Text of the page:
How Equine Assisted Learning helps children diagnosed with Apraxia

By Anneke Gouws

Equitots is a carefully designed, holistic Equine Assisted Learning program, which benefits children physically and it improves cognitive and sensory, emotional, social and psychological development.


When working with children who are diagnosed with Apraxia/Dyspraxia, sessions are designed around gross and fine motor skill development, sequencing and planning to lay the foundation in the brain for speech processing.

Speech is a much higher function than movement. Research has shown that riding and handling ponies does this magic.

In simple terms if you plan and execute correctly things you want the pony to do will work out and if you don’t, it doesn’t.


Equitots is facilitated in half hour sessions by one instructor for one child using one pony within a safe environment. Sessions may include mounted and/or un-mounted activities.


Much emphasis is given to making sessions a joyful and positive experience.


Equine Assisted Learning / Therapeutic Horse Riding does not substitute Speech and Occupational Therapy, rather works with it to support the developmental needs of the child.





Apraxia is an acquired inability to motor plan volitional movement for speech production in the absence of muscular weakness.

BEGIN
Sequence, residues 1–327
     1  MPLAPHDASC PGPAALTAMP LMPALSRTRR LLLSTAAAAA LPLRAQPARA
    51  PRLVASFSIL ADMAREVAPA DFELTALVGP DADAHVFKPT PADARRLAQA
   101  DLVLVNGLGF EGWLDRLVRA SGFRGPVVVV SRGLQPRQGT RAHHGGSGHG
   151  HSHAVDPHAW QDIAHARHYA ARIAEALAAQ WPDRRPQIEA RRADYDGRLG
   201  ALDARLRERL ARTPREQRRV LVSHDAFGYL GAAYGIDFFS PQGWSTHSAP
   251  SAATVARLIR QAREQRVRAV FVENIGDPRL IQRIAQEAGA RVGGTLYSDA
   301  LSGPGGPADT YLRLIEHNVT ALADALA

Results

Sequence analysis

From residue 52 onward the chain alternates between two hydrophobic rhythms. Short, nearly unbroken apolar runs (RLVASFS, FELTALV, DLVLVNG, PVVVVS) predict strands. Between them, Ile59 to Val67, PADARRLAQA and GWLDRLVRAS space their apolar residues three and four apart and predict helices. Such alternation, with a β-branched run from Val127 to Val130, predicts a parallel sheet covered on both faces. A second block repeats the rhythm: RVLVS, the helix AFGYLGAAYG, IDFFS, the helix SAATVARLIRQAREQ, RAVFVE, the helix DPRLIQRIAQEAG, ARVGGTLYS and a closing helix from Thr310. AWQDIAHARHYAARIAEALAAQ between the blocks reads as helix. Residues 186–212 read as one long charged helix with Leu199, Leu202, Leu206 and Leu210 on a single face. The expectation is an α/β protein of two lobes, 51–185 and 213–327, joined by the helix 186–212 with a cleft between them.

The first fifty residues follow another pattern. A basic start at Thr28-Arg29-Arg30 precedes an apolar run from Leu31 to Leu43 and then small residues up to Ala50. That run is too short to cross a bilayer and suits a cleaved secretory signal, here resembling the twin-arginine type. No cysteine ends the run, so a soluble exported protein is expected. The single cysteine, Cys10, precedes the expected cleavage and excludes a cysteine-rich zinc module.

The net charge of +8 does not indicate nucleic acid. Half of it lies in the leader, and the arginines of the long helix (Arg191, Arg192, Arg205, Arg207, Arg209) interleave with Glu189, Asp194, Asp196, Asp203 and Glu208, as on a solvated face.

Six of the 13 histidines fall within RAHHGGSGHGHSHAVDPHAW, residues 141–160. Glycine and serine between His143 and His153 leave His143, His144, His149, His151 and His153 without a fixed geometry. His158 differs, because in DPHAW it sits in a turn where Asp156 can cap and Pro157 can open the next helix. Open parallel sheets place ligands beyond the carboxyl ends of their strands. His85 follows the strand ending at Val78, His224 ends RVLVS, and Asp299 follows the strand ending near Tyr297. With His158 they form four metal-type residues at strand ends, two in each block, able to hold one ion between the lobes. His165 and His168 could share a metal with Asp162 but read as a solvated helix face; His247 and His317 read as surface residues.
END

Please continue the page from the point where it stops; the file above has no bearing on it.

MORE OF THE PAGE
Developmental verbal dyspraxia

Developmental verbal dyspraxia is a developmental inability to motor plan volitional movement for the production of speech in the absence of muscular weakness. Research has suggested links to the FOXP2 gene.

Therapeutic Horse Riding Improves Cognition, Mood Arousal, and Ambulation in Children with Dyspraxia

Integrating Motor Control and Motor Learning Concepts With Neuropsychological Perspectives on Apraxia and Developmental Dyspraxia

This paper reviews selected pertinent literature on the learning and performance of skilled motor acts. Information on normal motor performance is integrated with that on adult apraxia and related to common problems observed in children with developmental dyspraxia. The process of motor skill acquisition is outlined, and aspects of styles of motor organization, modes of control, premovement organization, sensory organization, and analysis of the types of errors are presented. Recommendations for clinicians working with children with developmental dyspraxia are offered.